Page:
Many Canadians love their Tax-Free Savings Accounts and no wonder — they are one of the best tools available to save for your financial goals. Here are five amazingly cool things you may not know about your TFSA.

The latest statistics show more than 14 million Canadians hold Tax-Free Savings Accounts (TFSAs) with a total value in excess of $276 billion.1 It’s no wonder TFSAs are so popular with Canadians: They offer a tax-free method to save and invest for your financial goals — everything from your next vacation to retirement. The flexibility of a TFSA can be used to complement any financial strategy or as a stand-alone savings option.

There are many cool features TFSAs have that can benefit your finances. Here are five ways a TFSA may be able to help you accelerate your savings strategy.

1) They’re truly tax-free

The funds you contribute to your TFSA will be with after-tax dollars. However, as the name suggests, TFSAs are tax-free in that you won’t pay tax when your investments increase in value, nor will you pay tax when you choose to take money out.

2) TFSAs can hold most kinds of investments

TFSAs are flexible enough to hold a range of investments, including cash, mutual funds, ETFs, stocks, bonds and GICs. One method to grow your TFSA is to take advantage of compound interest — that is, interest paid on both your principal investments and accrued interest. For example, some mutual fund investments, while they tend to fluctuate in the market, may provide the growth needed to achieve your financial goals over time, as opposed to cash which generates minimal growth in interest.

3) You never lose contribution room

One of the best features of a TFSA is that there’s no need to miss out if you are unable to use all of your annual contribution room.

The contribution limit for 2021 — as set by the federal government — is $6,000, but unused contribution room gets carried forward each year. In fact, if you were at least 18 years old and were eligible when the TFSA was introduced in 2009, you would have accumulated $75,500 in contribution room by 2021. That means, if you are unable to maximize your contribution in a particular year, you could make up those contributions later. And, if you choose to withdraw funds for any purpose, the amount you withdraw gets added to the next year’s contribution room. You can even recontribute amounts you have withdrawn in previous years and your contribution room carries forward indefinitely. Check with the CRA to see how much unused contribution room you may have.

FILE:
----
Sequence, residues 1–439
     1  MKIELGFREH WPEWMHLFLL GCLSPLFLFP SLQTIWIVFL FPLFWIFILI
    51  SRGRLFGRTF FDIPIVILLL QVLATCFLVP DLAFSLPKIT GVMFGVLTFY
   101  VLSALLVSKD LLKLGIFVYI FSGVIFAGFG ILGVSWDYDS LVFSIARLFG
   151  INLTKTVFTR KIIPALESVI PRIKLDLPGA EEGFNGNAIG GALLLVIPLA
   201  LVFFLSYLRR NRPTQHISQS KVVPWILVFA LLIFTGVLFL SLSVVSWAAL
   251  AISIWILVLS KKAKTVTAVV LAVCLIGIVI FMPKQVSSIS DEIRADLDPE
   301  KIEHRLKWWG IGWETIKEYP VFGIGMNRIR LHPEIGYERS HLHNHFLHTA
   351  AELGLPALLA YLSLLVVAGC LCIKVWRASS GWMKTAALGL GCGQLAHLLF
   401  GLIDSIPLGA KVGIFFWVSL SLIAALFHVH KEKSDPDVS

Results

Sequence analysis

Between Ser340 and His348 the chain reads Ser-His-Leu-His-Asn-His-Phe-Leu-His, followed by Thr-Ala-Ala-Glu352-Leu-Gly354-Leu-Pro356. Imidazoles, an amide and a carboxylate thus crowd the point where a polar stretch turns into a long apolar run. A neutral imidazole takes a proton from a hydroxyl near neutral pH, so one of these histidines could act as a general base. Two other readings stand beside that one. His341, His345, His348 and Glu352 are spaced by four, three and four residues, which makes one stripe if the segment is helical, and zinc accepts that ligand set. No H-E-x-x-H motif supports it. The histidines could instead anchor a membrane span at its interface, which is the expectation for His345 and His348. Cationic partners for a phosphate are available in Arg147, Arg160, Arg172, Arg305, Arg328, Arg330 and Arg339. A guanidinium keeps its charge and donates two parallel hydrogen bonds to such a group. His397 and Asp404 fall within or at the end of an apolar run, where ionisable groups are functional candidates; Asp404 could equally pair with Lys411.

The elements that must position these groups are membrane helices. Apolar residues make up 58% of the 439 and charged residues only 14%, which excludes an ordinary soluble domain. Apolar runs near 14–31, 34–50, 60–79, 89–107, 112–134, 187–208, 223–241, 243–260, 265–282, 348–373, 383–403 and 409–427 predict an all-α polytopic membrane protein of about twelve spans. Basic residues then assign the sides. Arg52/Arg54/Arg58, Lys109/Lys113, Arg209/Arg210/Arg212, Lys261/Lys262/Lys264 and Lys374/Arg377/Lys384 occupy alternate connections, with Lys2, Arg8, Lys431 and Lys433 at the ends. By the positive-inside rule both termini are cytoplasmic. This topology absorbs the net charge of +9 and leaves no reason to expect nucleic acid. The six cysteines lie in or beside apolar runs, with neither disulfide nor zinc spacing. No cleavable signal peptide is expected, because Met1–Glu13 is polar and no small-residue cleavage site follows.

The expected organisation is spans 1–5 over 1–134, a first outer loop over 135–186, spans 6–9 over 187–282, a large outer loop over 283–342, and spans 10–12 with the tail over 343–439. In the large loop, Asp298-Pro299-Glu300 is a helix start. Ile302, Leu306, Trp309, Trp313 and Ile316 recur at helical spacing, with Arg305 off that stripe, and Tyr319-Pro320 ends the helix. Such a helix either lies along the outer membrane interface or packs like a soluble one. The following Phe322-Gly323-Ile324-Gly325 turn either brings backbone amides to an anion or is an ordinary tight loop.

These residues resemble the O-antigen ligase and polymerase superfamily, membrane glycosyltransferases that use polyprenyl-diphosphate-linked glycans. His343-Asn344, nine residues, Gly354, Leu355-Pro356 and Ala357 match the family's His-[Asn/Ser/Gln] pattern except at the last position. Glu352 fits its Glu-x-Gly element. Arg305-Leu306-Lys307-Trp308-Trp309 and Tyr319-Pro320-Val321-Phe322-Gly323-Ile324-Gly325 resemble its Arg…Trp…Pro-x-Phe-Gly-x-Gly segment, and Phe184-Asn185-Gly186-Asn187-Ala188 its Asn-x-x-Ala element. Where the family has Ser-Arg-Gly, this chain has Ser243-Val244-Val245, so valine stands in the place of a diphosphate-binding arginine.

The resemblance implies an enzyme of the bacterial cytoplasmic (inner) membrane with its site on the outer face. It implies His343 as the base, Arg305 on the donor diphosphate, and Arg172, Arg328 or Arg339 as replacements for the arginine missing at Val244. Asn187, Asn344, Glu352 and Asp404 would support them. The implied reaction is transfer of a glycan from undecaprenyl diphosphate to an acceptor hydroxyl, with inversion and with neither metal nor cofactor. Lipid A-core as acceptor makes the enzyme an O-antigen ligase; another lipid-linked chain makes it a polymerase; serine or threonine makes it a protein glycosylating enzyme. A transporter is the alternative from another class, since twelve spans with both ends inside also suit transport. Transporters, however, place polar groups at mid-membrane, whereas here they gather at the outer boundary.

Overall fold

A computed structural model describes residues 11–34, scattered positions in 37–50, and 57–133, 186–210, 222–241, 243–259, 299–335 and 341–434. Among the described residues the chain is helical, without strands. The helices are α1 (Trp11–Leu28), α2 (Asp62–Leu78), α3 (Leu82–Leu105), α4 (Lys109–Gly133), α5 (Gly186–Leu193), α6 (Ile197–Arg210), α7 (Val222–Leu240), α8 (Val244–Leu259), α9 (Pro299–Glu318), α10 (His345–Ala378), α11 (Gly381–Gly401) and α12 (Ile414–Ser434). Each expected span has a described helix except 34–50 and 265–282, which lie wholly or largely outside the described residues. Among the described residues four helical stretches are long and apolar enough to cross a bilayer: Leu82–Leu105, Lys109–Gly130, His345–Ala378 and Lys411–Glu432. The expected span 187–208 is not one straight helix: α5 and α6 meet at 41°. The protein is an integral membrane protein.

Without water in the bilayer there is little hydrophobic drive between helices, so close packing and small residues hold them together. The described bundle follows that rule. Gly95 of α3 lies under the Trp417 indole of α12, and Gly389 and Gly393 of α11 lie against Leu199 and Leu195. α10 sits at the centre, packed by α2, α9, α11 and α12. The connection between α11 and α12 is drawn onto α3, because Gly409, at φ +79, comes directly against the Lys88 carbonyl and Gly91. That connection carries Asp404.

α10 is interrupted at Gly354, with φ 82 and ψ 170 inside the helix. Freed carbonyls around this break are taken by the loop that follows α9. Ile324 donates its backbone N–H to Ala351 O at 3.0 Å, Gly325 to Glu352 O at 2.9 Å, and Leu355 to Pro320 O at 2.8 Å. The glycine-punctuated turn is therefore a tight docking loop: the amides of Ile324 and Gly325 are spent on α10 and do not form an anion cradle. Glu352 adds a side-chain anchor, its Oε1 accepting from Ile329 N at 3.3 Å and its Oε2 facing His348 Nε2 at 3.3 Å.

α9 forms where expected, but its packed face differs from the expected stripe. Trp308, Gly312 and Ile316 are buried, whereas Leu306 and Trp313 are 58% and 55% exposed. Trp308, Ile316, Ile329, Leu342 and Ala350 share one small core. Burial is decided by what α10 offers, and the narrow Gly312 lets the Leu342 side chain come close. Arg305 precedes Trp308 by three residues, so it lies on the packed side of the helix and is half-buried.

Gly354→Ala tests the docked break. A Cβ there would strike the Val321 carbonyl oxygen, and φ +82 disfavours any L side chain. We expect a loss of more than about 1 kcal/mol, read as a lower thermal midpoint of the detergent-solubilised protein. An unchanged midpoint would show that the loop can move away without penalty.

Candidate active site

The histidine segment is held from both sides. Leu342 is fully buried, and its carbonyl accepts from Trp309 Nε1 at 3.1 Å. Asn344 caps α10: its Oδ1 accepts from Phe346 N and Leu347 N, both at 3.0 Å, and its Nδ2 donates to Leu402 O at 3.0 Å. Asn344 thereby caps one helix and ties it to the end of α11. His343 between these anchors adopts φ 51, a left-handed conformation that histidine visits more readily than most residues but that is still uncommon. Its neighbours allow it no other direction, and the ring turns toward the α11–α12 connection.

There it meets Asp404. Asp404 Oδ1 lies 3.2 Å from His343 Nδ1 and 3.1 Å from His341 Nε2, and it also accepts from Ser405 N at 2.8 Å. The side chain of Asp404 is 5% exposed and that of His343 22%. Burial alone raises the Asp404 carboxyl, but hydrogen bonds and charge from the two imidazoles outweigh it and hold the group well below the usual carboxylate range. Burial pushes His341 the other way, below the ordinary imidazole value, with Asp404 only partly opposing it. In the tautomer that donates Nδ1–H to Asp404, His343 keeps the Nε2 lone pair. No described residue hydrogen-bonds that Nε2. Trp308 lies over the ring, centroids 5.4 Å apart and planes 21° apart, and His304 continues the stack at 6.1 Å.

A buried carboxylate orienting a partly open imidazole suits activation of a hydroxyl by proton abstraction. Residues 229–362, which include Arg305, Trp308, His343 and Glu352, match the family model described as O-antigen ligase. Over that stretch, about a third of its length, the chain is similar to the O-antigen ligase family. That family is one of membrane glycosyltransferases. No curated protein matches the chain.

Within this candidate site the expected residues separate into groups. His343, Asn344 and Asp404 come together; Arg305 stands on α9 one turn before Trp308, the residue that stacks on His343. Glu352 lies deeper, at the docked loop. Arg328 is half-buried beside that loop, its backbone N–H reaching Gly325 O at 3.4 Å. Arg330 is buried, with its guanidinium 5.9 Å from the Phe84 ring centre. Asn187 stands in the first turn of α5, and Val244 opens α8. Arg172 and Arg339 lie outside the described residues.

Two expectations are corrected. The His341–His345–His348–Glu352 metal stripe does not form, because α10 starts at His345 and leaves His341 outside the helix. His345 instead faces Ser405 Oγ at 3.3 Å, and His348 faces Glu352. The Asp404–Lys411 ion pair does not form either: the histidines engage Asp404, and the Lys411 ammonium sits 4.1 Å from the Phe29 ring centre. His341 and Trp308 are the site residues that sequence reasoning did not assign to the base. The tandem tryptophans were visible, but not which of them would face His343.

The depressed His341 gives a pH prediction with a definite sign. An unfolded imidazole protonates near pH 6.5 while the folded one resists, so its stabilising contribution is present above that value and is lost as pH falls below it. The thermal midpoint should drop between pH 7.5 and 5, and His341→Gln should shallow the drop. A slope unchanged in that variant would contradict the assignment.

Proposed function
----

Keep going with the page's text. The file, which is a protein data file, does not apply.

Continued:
4) You can save automatically

TFSAs are a great way to save money. But reaching the current $6,000 annual maximum with a lump sum contribution may be a challenge for some. Setting up regular contributions from a bank account to your TFSA through an automatic payment plan can help make it easier. That way, small contributions are made with less effort and can begin growing within your TFSA.

5) There’s no age limit on contributing

Unlike an RRSP, there is no age limit on how long you can hold a TFSA. By law, you have to be at least 18 to open a TFSA (though bank policies may require you to be the age of majority in the respective province or territory in which you reside) to begin contributing. However, once the account is opened, you can continue to make contributions for as long as you want. For investing purposes, this allows funds to continue to compound well into your senior years when you may have additional expenses such as health and long-term care. Moreover, TFSA contributions or withdrawals won’t affect any Canada Pension Plan (CPP) or Old Age Security (OAS) payments you may be eligible to receive.

Saving money for your financial goals can be challenging when there are competing demands for your money. A TFSA allows you to contribute what you can, when you can, and catch up later if you don’t maximize your contributions. Opening and using your TFSA doesn’t have to be difficult. If you need some help, talk to your financial advisor.

If you would like to see how your money could grow inside a TFSA, use TD’s TFSA calculator.

1 “Tax-Free Savings Account 2019 Statistics (2017 contribution year),” Statistics Canada, Feb. 3, 2020, accessed Oct. 2, 2020, ↩